Abe Masatsugu

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Abe Masatsugu
Born 1569
Mikawa Province, Japan
Died December 10, 1647
Osaka, Japan
Nationality Japanese
Occupation Daimyō
In this Japanese name, the family name is Abe.

Abe Masatsugu (阿部 正次?, 1569 – December 10, 1647) was a daimyō in early Edo period, Japan.

Abe Masatsugu was the eldest son of Abe Masakatsu, one of the hereditary retainers of Tokugawa Ieyasu. He was born in Mikawa Province. In 1600, on his father's death, he became head of the Abe clan, and inherited his father's 5,000 koku holding in Hatogaya, Musashi Province. In 1610, he was transferred to Kanuma, Shimotsuke Province. He distinguished himself as a general during the 1614 Siege of Osaka, taking the most enemy heads of any of Ieyasu's generals. He was awarded with the rank of daimyō in 1617, and was given the 30,000 koku Ōtaki Domain in Kazusa Province. In 1619, following the disgrace of the Ōkubo clan, he was reassigned to Odawara Domain (50,000 koku) in Sagami Province. In 1623, he was reassigned, this time to Iwatsuki Domain (55,000 koku) in Mutsu Province, where his descendants remained for the next several generations.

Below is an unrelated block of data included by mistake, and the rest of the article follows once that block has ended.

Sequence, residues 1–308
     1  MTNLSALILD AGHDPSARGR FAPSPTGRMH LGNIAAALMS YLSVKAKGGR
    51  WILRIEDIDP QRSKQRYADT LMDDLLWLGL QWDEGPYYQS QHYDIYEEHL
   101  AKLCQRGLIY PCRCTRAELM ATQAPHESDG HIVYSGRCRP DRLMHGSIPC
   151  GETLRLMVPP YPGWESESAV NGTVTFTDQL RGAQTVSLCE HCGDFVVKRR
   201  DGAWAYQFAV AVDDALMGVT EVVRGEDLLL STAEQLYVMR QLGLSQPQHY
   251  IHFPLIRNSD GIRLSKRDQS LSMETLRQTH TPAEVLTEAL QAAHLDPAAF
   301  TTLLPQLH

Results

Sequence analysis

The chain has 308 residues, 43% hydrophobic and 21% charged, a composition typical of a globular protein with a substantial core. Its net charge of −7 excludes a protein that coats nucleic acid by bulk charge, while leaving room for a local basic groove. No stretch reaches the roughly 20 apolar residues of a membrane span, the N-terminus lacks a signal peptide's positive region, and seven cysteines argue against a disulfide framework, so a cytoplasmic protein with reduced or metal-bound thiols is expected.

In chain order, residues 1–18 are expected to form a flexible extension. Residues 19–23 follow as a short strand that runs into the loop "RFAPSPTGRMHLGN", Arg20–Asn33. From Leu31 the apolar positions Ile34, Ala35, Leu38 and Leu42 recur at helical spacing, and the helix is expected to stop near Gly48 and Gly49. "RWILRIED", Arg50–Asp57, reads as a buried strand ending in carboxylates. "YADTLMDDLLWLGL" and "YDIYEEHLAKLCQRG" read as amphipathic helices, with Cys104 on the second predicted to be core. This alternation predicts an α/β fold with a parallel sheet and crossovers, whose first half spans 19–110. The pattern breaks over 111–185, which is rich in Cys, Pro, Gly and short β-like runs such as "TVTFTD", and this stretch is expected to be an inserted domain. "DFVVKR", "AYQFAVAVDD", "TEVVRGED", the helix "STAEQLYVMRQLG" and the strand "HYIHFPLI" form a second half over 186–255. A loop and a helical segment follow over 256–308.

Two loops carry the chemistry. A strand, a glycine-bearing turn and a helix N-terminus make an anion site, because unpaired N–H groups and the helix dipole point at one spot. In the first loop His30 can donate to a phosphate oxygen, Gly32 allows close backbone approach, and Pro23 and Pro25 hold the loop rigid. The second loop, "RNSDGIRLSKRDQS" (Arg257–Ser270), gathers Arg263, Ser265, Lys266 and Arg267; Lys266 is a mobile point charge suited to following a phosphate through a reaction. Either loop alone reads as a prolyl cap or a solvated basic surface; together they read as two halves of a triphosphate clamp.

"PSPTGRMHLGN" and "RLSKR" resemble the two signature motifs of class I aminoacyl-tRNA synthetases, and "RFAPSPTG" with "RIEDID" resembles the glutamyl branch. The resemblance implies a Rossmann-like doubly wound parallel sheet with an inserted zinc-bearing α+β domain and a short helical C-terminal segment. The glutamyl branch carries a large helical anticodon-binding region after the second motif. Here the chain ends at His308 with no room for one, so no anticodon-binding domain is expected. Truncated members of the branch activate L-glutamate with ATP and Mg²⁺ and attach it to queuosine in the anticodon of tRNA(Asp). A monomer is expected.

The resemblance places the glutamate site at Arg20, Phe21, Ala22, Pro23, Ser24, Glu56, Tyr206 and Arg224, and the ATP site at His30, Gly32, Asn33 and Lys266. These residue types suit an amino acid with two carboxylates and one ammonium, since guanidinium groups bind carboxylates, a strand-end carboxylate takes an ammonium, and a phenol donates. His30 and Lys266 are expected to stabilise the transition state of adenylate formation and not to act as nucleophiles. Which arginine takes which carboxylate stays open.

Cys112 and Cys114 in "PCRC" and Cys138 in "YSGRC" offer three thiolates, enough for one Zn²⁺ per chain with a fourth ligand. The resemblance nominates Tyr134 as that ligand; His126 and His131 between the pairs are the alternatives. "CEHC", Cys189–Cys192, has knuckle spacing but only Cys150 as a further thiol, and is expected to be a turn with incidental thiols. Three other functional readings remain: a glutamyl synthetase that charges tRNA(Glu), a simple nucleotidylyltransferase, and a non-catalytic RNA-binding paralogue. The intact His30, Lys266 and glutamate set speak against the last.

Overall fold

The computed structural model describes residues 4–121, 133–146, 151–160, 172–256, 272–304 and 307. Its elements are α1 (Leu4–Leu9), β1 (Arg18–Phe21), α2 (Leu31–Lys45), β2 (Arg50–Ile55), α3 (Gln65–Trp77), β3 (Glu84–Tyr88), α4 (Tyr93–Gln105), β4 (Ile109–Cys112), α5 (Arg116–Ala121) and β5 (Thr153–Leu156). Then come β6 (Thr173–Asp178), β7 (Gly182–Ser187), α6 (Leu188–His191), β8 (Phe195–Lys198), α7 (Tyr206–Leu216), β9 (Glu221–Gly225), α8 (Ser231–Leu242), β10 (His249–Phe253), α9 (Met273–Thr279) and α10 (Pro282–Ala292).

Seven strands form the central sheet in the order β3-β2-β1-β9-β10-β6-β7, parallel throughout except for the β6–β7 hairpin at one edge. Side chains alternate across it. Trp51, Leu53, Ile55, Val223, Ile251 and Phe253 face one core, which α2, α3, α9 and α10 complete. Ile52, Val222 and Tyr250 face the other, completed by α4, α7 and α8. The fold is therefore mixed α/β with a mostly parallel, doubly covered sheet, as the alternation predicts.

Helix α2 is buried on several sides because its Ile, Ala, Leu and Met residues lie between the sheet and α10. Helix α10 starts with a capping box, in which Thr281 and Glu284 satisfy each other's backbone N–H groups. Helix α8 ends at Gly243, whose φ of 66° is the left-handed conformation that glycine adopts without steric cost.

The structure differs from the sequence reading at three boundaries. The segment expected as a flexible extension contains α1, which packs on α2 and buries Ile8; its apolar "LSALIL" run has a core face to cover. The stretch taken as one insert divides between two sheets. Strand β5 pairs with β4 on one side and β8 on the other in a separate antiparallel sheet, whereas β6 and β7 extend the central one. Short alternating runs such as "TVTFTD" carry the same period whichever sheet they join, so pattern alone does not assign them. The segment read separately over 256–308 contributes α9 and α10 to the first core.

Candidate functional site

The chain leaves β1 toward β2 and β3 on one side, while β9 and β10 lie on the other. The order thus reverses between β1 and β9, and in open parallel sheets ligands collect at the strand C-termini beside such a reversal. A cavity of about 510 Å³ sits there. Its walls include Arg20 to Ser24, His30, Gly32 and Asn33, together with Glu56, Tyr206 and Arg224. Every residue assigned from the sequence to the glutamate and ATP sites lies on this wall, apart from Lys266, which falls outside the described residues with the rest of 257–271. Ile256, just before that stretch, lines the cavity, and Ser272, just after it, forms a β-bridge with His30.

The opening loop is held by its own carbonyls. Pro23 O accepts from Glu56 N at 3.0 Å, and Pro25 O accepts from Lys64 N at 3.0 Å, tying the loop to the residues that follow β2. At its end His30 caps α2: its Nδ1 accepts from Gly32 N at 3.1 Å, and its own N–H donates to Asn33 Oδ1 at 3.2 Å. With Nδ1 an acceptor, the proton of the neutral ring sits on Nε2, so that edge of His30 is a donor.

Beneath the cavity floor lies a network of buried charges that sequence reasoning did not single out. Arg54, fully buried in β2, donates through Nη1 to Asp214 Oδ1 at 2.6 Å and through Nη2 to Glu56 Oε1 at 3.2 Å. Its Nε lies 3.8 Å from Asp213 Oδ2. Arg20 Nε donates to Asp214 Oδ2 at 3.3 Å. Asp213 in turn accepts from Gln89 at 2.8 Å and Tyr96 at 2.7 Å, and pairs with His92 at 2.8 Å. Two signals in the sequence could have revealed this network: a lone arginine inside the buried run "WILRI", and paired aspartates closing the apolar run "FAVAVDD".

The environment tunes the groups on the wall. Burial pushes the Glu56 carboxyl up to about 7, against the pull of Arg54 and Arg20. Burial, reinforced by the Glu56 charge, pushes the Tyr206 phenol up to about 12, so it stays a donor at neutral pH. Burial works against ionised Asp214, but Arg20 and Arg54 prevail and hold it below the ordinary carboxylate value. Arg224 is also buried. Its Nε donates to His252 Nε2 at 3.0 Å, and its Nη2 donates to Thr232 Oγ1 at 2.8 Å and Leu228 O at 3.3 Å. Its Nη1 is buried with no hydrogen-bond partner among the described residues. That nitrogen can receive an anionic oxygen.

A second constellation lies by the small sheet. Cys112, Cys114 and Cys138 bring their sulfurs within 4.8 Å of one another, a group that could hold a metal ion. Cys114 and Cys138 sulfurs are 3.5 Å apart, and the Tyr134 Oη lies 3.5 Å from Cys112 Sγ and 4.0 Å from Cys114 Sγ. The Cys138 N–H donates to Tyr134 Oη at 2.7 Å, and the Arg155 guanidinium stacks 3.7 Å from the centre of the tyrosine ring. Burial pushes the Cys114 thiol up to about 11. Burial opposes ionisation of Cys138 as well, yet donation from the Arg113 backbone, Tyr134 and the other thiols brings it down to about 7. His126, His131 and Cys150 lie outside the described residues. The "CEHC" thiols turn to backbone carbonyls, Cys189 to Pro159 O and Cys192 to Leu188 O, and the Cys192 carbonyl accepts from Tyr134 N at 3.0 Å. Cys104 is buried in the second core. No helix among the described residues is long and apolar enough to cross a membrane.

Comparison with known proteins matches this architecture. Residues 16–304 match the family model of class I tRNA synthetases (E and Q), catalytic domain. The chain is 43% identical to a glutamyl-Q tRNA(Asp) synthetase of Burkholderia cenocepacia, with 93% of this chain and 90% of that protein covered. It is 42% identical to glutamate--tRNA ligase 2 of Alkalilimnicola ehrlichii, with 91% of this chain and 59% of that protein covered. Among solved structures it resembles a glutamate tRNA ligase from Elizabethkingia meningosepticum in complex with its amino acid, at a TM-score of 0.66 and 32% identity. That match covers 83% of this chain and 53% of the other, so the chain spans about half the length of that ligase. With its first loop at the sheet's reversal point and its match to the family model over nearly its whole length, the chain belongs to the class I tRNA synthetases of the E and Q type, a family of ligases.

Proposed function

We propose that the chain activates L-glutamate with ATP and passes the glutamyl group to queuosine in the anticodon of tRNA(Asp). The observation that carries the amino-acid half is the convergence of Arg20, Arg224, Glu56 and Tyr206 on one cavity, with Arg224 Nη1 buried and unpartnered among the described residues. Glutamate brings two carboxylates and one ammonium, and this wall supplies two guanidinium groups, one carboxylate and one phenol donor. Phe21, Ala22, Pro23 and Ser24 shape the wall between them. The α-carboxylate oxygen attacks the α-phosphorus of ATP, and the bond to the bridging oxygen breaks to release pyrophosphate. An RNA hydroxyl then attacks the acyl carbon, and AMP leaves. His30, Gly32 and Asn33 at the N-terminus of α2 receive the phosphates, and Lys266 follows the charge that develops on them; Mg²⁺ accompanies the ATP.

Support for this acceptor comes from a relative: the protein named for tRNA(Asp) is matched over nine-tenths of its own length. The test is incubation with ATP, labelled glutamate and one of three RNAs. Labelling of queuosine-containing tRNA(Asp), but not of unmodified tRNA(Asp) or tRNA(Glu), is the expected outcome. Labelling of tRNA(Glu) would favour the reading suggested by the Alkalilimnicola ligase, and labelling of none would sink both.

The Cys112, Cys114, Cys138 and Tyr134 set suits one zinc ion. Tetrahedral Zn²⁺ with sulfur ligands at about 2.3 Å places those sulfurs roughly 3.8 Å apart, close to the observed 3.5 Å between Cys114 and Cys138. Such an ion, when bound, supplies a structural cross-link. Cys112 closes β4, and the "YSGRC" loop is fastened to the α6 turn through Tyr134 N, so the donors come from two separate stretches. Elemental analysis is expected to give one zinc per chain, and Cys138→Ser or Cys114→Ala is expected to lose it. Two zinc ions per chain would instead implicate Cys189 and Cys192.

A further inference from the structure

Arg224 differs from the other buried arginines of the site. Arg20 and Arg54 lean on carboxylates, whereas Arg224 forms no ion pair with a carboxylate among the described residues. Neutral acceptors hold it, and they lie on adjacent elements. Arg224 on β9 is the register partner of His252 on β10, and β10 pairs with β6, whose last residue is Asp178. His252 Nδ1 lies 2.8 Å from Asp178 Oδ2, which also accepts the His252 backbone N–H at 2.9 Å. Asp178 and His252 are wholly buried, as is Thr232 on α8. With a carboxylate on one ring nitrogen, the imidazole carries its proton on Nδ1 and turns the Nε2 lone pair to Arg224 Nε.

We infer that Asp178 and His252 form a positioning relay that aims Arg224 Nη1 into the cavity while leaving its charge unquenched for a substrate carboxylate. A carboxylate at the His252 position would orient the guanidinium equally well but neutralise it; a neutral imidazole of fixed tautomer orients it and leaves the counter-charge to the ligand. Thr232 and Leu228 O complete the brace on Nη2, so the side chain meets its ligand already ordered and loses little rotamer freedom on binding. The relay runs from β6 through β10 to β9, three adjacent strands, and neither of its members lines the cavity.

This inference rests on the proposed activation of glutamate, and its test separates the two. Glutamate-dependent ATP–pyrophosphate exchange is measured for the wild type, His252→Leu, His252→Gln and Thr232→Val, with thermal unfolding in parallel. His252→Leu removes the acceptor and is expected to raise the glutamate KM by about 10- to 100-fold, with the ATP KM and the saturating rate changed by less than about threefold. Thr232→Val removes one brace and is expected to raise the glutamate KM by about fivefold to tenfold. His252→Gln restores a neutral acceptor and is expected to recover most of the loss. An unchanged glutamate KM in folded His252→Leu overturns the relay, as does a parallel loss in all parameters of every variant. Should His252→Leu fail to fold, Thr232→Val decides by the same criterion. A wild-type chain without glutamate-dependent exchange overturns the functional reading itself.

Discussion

In 1626, he was appointed Osaka jōdai, a position which he held for the next 22 years until his death, and which raised his revuenues to 86,000 koku. In 1637, he played an active role in the suppression of the Shimabara Rebellion. On April 22, 1638, he divided his holdings between his sons Abe Shigetsugu (46,000 koku) and Abe Masayoshi (10,000 koku), while retaining the remaining 30,000 koku for himself. Msatsugu died in Osaka in 1647; his grave is at the temple of Zōjō-ji at Shiba in Tokyo.


  • This article is derived from its corresponding article on the Japanese Wikipedia
Preceded by
Daimyō of Hatogaya
Succeeded by
none (domain abolished)
Preceded by
Honda Masatomo
Daimyō of Ōtaki
Succeeded by
Aoyama Tadatoshi
Preceded by
Ōkubo Tadachika
Daimyō of Odawara
Succeeded by
Inaba Masakatsu
Preceded by
Aoyama Tadatoshi
Daimyō of Iwatsuki
Succeeded by
Abe Shigetsugu
Preceded by
Naitō Nobumasa
Osaka Castle Warden
Succeeded by
Nagai Naokiyo